Dr. Nathan Fox

Meagan: Okay, you guys. We have Dr. Fox back on the show today with us. How cool is that that he has come on now twice with us to talk about VBAC and answer your guys’ questions? Dr. Fox, welcome to the show again, and thank you again for being here.

Dr. Fox: Back on VBAC.

Meagan: Back on VBAC. Back talking about VBAC. Tell me what you think about this VBAC topic and how VBAC looks for OBs. I think a lot of the time, OBs and midwives and providers in general can get some backlash honestly, even from us here at The VBAC Link where we are like, “Oh, that’s not a good, supportive provider.” I think there is a lot from the community that we really don’t take into account on where a provider is coming from maybe with what they’ve seen or what they’ve gone through. Maybe they want to support VBAC but their location doesn’t support it. Can we talk about VBAC from an OB’s standpoint? What does VBAC look like for an OB?

Dr. Fox: Yeah, listen. It’s a great question. Thanks for having me again. I’m always happy to come on. I really like this topic medically, but also, it’s just very interesting because there is so much that comes up with VBAC in terms of the medicine surrounding it. It’s also a really good paradigm for how people look at risk. By people, I mean doctors. I mean nurses. I mean hospitals. I mean women who are pregnant, thinking of being pregnant, their families, and their friends because there isn’t a ton of disagreement about the numbers. What is the risk percentage-wise? We have that worked out pretty well.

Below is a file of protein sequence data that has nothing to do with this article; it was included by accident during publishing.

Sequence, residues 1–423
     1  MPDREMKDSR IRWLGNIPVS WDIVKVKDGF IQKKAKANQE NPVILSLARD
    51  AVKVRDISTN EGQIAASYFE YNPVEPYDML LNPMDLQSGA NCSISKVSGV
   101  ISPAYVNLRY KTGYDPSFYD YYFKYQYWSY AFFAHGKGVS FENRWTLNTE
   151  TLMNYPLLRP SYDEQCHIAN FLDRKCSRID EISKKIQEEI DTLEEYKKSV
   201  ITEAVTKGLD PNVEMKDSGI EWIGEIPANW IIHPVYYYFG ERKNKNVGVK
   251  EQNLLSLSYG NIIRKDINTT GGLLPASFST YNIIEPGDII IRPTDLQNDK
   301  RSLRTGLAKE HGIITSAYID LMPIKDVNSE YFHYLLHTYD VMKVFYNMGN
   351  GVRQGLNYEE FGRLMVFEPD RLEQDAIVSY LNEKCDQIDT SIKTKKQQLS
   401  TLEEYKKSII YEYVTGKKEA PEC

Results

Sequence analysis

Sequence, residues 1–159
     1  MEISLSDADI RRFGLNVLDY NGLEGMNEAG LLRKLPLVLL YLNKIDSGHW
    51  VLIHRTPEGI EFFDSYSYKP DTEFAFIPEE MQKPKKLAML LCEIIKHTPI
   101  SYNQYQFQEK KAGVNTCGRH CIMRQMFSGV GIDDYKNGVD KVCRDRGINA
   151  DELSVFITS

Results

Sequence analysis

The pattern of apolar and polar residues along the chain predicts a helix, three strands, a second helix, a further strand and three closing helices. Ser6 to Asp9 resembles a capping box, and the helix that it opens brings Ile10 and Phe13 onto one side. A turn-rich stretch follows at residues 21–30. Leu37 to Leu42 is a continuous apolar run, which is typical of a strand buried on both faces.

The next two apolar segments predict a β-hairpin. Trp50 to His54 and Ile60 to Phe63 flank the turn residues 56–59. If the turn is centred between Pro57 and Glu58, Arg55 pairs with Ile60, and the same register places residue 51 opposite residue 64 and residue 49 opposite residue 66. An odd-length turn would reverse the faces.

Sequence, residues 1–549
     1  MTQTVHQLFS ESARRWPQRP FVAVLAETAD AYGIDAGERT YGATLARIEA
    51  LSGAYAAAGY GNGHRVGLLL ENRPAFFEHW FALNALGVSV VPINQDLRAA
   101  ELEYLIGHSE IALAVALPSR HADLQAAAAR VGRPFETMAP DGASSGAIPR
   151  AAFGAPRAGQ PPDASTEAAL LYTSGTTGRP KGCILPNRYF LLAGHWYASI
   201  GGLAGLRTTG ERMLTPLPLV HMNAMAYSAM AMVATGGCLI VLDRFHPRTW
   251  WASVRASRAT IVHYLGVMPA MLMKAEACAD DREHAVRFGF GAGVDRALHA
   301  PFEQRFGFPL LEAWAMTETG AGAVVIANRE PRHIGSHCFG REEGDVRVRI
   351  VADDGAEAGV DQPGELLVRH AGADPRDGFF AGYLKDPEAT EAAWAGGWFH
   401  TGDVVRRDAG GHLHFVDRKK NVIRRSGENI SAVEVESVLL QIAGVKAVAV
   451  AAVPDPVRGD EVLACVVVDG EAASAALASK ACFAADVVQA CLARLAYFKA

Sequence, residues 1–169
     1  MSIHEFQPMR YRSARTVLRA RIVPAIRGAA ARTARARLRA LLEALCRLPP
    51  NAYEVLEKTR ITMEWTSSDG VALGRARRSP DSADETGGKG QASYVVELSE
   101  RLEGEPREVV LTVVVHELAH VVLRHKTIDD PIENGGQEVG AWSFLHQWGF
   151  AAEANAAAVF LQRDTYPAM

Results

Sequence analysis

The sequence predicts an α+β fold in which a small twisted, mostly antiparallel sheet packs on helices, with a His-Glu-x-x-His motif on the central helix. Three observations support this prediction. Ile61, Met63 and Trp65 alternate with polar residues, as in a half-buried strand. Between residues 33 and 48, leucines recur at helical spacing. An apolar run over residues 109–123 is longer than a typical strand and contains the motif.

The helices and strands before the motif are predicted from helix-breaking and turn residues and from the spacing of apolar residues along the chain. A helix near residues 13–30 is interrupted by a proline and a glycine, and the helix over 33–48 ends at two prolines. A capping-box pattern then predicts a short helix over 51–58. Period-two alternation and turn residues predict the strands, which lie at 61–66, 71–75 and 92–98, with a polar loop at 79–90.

I mean, there are some things that are maybe a little bit more nebulous. There are those situations, but most people agree on what the actual numbers are. The issue is what do you do about that when someone has a small risk of a big problem? Right?

Meagan: Right.

Dr. Fox: What do you do? That personality comes into that. I think that’s part of the reason that there is so much variation in VBAC practices, VBAC attitudes, and VBAC rules. It’s risk. I talk to people about this all of the time in other contexts like with genetic screening. I tell people, “All your genetic tests are normal. All of the screening tests were normal that we did. Everything is fine which means that your risk of having a baby with a genetic condition now is 1%.” I’ll tell them that.